Recently Dell has agreed to acquire EMC for $67 billion and then Western Digital intends to acquire Sandisk for $19 billion. Both EMC and Sandisk made their name due to their storage expertise, although at opposite ends of the spectrum – EMC at the enterprise side of data storage and Sandisk in the client and mobile side. So, why are storage companies the flavor of the season to get acquired?
Other than Sandisk, the three companies mentioned above are going through a slow demand and facing intense competition for their products – be it PCs which is nearing end of life as we know it, legacy storage or mechanical hard drives. Dell with its server expertise combines well with the storage expertise of EMC to make an entity that can take the data center market (read Cloud) flag position – I am going to assume there is going to be some overlap in their storage products which may lead to some consolidation. Also with the advent of Flash as enterprise storage, EMC may not be effective in competing at the price points with their fiber channel arrays. Everyone knows Sandisk from their consumer space but they have made acquisitions in the enterprise space a few years ago which made them have effective solutions across all the computing market segments.
If you look at Flash as a storage (it is actually a solid state device – SSD, storing data using electricity and is non-volatile), they have been more used in the consumer space (embedded applications) in the laptop, cameras, tablet and mobile markets. They are also more rugged as a physical drop of the device that has Flash storage does not lead to a data loss as it may in the case of magnetic drives. Presently their price points are about 5 to 10 times more expensive than the well-known desktop storage – the ‘mechanical’ hard disk. But with volume usually the prices drop, and higher volume is a result of more use cases of the technology – as data centers and cloud are the latest buzz words now, it is clear that enterprise storage class will have to go with Flash and its related array technology as they have no moving parts which results in less acoustic noise, less power consumed and less heat generated, and comes with a thinner profile and are about 100x faster, all a big win for huge data centers being planned as less cooling and less real estate would be required, thus making them ‘more greener’. The biggest drawback today for Flash is they have lesser longevity and old age reliability than the regular hard drives. So, be it public or private cloud, looks like the future holds well with Flash technology.
If you look at the competition for Flash as a storage medium, there are only a handful of them for Sandisk – a combination of Intel and Micron (individually they are leaders in Flash technology and together they have formed a partnership company as well), Samsung and Toshiba. These companies have both the IP related to Flash which they license out and also have end products that they sell directly. Intel, having seen the light at the end of the tunnel for a few years now on their personal computing segment and having gone nowhere in the mobile and tablet business despite their acquisition of Infineon, is a leader in the data center and server farm business, indirectly though (meaning others use Intel’s technology and products to operate their own data centers) and raking in the dollars from this enterprise segment – in fact, this has been their most profitable business now and have customers like Amazon and Microsoft. They do have all the expertise and the IP behind the manufacturing techniques in the sub-micron space which helps them have a generation lead in the Flash technology. Samsung, the world leader in the memory space, is a major Flash supplier to other storage companies and they would like to stay that way given their business model. Then comes Toshiba which is a credible innovator and a technology provider in the Flash space. Actually Toshiba invented both the NOR and NAND based Flash memory technologies, thanks to Dr. Masuoka, NOR considered a more expensive/GB, less durable and slower than NAND in general.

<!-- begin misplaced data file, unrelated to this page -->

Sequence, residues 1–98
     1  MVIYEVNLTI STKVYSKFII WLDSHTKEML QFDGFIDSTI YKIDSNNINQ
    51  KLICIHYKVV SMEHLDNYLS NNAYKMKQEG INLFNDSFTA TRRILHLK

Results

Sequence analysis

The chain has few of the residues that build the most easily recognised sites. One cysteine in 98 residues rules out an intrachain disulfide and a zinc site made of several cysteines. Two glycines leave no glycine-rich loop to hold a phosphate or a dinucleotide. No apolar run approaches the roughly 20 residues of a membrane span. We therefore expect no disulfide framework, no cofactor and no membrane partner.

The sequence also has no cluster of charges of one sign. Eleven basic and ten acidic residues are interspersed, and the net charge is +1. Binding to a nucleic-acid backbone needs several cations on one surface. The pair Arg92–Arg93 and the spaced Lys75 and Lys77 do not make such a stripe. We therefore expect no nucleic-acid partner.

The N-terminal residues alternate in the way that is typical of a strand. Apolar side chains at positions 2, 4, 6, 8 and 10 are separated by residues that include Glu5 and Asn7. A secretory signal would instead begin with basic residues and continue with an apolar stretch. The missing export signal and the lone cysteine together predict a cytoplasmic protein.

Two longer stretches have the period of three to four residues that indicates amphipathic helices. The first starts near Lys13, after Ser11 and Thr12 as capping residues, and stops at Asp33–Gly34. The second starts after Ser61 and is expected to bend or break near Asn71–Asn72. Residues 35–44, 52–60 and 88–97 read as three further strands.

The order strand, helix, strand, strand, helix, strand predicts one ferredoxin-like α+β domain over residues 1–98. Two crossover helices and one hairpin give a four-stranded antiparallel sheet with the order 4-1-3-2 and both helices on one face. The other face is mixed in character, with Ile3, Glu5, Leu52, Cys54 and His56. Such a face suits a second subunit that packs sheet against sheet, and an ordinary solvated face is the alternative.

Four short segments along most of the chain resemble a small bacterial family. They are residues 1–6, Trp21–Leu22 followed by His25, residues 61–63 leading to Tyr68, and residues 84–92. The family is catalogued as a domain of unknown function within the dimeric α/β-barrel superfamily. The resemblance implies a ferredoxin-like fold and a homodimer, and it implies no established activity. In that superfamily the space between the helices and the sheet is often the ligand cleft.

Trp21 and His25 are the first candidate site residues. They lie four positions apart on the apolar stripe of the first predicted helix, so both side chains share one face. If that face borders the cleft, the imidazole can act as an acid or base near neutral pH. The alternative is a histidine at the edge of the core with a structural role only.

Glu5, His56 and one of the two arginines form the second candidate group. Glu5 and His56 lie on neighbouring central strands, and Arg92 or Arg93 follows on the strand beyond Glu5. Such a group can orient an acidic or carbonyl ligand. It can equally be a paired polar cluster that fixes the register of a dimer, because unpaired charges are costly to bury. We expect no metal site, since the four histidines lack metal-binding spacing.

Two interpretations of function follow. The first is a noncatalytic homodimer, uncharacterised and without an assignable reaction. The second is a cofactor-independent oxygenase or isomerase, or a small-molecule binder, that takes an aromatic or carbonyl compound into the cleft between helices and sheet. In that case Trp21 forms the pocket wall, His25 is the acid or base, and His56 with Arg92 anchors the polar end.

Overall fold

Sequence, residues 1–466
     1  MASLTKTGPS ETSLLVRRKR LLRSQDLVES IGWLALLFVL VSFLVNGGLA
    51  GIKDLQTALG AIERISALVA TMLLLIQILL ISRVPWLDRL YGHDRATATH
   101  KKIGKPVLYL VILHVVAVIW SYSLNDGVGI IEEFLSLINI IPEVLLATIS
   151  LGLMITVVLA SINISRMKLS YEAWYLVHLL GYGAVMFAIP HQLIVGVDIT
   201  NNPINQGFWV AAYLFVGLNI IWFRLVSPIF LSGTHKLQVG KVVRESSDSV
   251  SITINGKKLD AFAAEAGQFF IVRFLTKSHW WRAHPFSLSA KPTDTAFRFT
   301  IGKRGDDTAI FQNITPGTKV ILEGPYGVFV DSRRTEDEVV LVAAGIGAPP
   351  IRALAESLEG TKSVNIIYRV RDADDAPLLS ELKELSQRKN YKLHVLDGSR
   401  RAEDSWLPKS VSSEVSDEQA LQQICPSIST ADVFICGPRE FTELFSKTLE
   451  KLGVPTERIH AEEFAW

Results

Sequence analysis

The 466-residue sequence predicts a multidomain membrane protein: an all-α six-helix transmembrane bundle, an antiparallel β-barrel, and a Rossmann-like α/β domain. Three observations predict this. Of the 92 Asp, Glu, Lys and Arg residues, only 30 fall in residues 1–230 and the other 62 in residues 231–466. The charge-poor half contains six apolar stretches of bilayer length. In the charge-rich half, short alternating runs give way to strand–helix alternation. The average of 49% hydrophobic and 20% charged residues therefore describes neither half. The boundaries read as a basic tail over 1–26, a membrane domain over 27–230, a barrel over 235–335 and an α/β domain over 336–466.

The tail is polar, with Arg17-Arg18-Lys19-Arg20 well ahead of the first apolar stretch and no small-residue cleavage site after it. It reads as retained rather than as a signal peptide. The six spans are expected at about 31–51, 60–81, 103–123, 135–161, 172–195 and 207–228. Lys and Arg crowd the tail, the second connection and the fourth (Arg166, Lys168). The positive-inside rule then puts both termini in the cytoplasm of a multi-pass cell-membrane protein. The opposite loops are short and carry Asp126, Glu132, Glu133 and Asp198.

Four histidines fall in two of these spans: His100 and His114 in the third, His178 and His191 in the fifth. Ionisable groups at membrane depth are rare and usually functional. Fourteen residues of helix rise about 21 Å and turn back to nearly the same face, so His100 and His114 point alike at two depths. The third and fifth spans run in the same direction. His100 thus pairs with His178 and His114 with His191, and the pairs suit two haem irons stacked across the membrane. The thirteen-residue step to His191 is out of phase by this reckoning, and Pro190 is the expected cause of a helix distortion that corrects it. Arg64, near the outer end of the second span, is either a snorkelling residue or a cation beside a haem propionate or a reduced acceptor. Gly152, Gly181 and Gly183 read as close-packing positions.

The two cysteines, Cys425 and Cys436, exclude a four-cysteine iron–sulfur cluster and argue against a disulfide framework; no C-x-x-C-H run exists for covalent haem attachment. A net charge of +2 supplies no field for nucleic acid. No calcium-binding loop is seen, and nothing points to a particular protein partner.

Western Digital and Sandisk combined would offer a lot in the overall storage space across all market segments, and probably may be the biggest supplier to many an enterprise storage companies. Flash can be packaged in different formats for different applications and it is capturing the eyes of chip makers, enterprise storage and server companies, thus potentially leading to more partnerships and mergers in this space in days to come. Enterprise storage is the biggest wave that is happening with the cloud, and big data and analytics segment, and it looks like Flash is getting to be the biggest beneficiary. Expect some strong moves by HP Enterprise, IBM, Hitachi, Netapp, Seagate and Kingston, and even the networking giants in the near future along the M&A space as technology predictors already are pointing to the fact that Flash storage market would exceed the Hard Disk storage market even as early as next year.
This article was written originally in 2014